What hath Sideways wrought?
The unexpected boost that the romantic comedy movie Sideways gave to the sales of Pinot Noir late in 2004 apparently continued through 2005, as just about any bottle of wine with the name of Burgundy's great grape on the label went flying off the shelves.
Restaurants across the nation added Pinot to by-the-glass menus, and speaking of glasses, wineglass maker Riedel told USAToday that its sales, driven by its Pinot Noir glasses (which retail from $12 per glass for the basic model to $95 for the high-end Sommelier series) had gone up 45 percent for the year.
The situation - from the consumer standpoint - may be set to get even worse. Thanks to a rainy spring and cool, foggy summer in California's North Coast wine-growing regions, including the Pinot-rich Russian River Valley, Anderson Valley and the Sonoma Coast, the recent Pinot Noir vintage in that region came in at less than half normal amounts, setting up a supply-vs-demand situation that could see prices jump when the '05 vintage hits the market.
And while the Central Coast, where Sideways was filmed, enjoyed a better harvest, observers say it won't be surprising to see that region's producers raise prices to bring their historically underpriced offerings more into line with North Coast Pinot.
Less wine for more money? That's a problem. And here's another: As new, Sideways-driven brands hit the market, I'm finding them of variable quality at best. I've enjoyed some very good items, a couple of stinkers, and quite a few - like today's featured wine, picked pretty much at random from recent tastings - that I wouldn't quite diss as "stinkers" but that, for me, fail to deliver what I look for in Pinot Noir, and certainly not for the price. It's Bishop's Peak, a new label made from purchased grapes by the folks at San Luis Obispo's respected Talley winery, which seemed reassuring; but its simple one-dimensionality and harsh, brandy-like alcoholic heat left me wishing I had just stuck with Burgundy.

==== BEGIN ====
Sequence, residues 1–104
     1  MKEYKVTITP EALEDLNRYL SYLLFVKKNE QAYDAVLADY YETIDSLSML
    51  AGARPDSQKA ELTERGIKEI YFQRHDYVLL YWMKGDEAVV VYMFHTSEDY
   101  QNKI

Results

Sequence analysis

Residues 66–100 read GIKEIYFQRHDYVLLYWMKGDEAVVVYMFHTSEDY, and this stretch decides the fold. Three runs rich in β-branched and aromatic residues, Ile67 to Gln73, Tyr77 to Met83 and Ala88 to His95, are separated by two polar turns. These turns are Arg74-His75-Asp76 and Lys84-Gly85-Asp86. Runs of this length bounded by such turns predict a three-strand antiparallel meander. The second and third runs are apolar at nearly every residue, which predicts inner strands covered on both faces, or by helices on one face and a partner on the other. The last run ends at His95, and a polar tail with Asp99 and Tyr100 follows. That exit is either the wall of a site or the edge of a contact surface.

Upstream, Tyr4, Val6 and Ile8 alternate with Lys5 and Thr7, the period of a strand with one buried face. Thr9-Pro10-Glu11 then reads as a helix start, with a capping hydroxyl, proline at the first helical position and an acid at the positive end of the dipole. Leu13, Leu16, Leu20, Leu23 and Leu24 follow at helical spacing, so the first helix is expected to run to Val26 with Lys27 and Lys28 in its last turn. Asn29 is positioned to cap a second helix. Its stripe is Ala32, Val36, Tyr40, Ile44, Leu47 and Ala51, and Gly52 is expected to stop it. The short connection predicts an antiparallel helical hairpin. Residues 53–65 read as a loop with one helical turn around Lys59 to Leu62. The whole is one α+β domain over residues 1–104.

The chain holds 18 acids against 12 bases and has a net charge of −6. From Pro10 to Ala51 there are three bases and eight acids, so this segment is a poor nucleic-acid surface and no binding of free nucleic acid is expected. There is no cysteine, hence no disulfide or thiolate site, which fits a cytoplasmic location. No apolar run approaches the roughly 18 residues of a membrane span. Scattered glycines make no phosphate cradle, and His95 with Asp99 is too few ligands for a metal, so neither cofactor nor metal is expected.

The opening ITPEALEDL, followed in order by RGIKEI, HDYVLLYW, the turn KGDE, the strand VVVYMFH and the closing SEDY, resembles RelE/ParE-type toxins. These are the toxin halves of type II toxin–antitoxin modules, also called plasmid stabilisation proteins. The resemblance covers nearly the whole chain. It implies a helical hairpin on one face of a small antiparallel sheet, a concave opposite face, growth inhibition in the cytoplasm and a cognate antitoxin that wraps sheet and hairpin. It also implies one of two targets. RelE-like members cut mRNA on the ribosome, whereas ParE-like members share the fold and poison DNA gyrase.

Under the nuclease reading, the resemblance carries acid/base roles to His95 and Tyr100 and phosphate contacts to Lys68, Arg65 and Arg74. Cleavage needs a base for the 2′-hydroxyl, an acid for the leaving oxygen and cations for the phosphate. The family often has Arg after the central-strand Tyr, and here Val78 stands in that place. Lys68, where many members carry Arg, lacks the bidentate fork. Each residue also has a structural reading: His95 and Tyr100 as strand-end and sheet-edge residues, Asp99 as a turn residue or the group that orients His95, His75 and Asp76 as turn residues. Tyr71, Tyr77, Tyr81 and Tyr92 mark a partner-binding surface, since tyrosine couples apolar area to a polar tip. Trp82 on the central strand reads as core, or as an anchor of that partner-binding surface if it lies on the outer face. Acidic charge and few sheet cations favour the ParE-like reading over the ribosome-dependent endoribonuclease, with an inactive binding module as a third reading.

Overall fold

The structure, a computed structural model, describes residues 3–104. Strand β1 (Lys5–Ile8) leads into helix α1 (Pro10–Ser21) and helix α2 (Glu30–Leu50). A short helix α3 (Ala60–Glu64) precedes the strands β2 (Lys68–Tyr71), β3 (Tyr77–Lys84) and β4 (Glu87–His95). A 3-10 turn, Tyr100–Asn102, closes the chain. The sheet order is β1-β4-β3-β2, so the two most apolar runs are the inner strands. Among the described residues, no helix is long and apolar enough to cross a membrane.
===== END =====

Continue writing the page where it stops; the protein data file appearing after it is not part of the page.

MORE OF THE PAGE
My advice is simple. If you're just looking for "Pinot Noir" as a with-it way to ask for "a glass of red wine" and aren't really in the market for varietal character or a wine-geek experience, go with the lowest-cost glass on the wine list. If you're setting a higher standard and want serious Pinot in your glass, then be a properly skeptical consumer. Jump on the Internet or check with a trusted merchant, and find out what the sources you trust are saying about specific brands - particularly new ones - before you invest.
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Bishop's Peak 2003 Central Coast Pinot Noir ($18.99)
This is a very dark reddish-purple wine, the first hint to the wary that it may not be typical Pinot, since classic Pinots often tend to be light in color. The aromas are fruit-forward but rather simple, plummy red fruit, with a high-toned, brandy-like note that betrays its hefty 14.2% alcoholic content. Full and ripe in flavor, fruity if one-dimensional, it hits the palate with a first impression that's soft and nearly sweet, but develops tart acidity and alcoholic heat in a not overlong finish. (Dec. 30, 2005)
FOOD MATCH: A Lyon-style dish of quick-sauteed calves' liver with caramelized onions, finished with a dab of butter and meyer lemon, would have been a great match with a Burgundy or even a more restrained New World Pinot, but this brash blockbuster wannabe overpowered it badly.
VALUE: No bargain in my book at this upper-teens price, which, however, is close to the upper end of its range. If you can find it below $15 it might be worth a closer look, if you like Pinot in this full-bore New World style.
WHEN TO DRINK: Hard to predict in this idiosyncratic style, but for the record, I don't plan to cellar any of it.
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Friday, Jan. 6, 2006